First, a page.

In the latest edition of Ocean Drive, Brett Graff features Desmond Meade, who thanks to the Chapman Partnership has ascended to a position of leadership where he can fulfill his goal to help those less fortunate.
Desmond Meade is the current president of the Florida Rights Restoration Coalition (FRRC), and a third-year law student at Florida International University College of Law.
Chasing the Law
It’s noon on a Thursday afternoon in Miami, and Desmond Meade, a third-year law school student at Florida International University, is preparing for a presentation he’ll give at a convention criticizing the state’s push to privatize prisons. It may sound like Meade is taking a natural step for an overachieving law student, but nothing about his climb to this situation was particularly likely. Just about a decade ago, Meade was homeless, suffering from a chronic substance abuse problem, and contemplating suicide.
“If someone would have told me, ‘Desmond, don’t jump in front of those trains because you’re going to serve on boards and get into law school and meet the president of the United States,’ well, I wouldn’t have believed him,” says Meade, now 45.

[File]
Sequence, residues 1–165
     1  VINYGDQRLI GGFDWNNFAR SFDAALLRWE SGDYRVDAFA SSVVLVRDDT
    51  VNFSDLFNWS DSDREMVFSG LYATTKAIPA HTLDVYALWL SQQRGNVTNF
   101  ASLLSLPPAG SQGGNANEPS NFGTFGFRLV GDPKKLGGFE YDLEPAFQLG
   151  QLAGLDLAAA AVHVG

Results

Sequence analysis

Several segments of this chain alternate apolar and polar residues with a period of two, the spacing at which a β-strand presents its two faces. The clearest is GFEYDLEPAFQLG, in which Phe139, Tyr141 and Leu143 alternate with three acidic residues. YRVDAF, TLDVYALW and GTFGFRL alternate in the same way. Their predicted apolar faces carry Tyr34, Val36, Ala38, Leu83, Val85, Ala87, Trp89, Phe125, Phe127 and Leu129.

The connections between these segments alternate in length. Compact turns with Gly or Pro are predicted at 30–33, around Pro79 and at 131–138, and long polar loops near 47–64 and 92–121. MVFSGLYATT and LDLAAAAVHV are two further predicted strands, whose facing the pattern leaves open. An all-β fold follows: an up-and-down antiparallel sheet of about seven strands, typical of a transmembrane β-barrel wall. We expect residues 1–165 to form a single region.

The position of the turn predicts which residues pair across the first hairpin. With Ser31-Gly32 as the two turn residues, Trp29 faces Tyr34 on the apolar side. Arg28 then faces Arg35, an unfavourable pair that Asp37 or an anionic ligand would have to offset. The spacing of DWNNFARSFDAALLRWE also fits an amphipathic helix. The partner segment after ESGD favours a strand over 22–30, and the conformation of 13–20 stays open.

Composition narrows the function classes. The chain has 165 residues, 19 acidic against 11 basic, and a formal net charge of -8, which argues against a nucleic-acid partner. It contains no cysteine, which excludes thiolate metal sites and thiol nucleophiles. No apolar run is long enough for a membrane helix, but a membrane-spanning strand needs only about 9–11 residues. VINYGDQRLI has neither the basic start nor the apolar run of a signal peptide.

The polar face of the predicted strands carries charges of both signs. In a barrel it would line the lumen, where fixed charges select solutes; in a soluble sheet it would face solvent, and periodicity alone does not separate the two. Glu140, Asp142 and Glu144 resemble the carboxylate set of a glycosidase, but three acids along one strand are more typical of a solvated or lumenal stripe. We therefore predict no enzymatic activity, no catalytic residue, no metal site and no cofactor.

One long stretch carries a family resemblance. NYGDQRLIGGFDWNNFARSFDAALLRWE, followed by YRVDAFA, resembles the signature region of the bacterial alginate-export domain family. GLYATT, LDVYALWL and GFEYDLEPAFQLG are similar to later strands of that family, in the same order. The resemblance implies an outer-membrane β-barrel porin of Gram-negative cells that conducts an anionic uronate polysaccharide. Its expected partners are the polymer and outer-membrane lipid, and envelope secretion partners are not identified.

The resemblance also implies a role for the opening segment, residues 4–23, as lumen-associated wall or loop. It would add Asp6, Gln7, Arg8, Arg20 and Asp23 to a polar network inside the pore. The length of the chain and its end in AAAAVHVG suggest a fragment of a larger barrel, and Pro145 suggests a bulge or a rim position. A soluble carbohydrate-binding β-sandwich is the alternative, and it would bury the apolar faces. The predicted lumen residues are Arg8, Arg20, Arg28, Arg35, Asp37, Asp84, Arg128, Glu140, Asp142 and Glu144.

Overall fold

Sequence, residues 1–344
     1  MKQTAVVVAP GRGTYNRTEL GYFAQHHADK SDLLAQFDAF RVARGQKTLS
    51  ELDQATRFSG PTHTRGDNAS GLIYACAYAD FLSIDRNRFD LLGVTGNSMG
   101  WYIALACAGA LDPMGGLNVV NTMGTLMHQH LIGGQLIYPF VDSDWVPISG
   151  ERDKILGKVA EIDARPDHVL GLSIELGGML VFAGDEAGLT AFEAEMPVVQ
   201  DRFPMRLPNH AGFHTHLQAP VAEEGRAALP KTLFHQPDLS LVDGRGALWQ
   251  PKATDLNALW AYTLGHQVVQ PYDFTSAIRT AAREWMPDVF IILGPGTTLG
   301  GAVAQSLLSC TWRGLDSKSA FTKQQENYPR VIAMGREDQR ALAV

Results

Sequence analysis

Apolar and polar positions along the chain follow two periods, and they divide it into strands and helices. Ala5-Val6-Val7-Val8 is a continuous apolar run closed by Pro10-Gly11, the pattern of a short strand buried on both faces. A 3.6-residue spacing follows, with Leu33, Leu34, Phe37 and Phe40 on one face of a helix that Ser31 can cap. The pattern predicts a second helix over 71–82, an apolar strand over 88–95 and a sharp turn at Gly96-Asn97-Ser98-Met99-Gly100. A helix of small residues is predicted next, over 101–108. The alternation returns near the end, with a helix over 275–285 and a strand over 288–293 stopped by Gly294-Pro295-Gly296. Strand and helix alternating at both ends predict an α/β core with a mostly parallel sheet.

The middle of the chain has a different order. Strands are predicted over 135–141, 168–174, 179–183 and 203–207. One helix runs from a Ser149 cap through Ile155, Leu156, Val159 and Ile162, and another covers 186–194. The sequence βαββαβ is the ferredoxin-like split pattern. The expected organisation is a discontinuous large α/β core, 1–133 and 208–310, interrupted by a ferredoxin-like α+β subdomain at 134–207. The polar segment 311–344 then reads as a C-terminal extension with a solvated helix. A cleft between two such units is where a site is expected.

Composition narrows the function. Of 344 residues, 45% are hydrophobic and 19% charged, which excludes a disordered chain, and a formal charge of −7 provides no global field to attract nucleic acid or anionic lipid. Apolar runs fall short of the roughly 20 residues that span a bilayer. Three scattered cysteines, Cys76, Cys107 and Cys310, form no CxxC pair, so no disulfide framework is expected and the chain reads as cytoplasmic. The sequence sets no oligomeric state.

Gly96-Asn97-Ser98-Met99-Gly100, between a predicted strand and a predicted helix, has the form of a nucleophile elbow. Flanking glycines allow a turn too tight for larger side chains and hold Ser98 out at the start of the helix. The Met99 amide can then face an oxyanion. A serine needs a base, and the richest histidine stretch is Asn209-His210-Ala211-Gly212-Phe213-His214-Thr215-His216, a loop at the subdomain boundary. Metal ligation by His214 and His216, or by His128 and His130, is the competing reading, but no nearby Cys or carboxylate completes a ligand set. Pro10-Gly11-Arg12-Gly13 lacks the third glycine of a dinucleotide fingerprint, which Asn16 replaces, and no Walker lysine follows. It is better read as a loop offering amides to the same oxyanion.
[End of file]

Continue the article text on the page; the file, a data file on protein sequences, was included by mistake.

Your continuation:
Chapman Partnership, founded by former Knight-Ridder CEO Alvah H. Chapman, guided Meade’s ascent to a position of leadership. The nonprofit organization houses and empowers the homeless to achieve self-sufficiency. Residents are required to take active roles in their rehabilitations, attending classes and doing chores around the facility. A caseworker motivates each adult to tackle the debilitating issue at hand, such as a layoff, health problem, or substance abuse. The treatment is monitored weekly, and the average stay for residents is 47 to 60 days. “Sustainable income is what we’re after,” says Dan Vincent, Chapman Partnership executive director. About 63 percent of participants become gainfully employed.